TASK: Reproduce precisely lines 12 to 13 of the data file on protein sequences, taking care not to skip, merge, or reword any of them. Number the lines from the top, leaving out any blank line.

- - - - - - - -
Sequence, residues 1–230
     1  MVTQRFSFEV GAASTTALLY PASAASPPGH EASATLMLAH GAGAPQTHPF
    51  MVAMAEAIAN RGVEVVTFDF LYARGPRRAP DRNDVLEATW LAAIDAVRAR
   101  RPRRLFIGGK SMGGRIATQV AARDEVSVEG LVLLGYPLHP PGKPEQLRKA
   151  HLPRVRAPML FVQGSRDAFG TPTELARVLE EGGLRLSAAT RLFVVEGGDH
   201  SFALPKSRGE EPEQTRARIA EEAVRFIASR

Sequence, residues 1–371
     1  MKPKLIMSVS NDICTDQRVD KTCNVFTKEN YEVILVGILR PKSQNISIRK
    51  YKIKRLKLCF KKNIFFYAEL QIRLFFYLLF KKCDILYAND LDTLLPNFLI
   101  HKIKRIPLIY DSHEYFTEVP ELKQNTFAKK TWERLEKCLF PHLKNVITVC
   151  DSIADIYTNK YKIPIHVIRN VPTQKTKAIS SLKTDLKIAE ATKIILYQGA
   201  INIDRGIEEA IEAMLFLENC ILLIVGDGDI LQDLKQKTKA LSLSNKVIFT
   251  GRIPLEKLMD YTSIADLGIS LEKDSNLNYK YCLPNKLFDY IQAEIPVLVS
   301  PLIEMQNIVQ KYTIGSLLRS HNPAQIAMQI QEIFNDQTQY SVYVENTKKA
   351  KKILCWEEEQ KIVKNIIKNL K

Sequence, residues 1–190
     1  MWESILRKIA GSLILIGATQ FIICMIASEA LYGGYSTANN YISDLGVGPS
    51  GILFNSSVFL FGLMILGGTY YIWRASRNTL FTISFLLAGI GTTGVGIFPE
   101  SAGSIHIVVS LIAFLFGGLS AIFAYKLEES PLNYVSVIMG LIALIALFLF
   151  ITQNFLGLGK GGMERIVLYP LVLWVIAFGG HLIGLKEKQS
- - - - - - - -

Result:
   201  INIDRGIEEA IEAMLFLENC ILLIVGDGDI LQDLKQKTKA LSLSNKVIFT
   251  GRIPLEKLMD YTSIADLGIS LEKDSNLNYK YCLPNKLFDY IQAEIPVLVS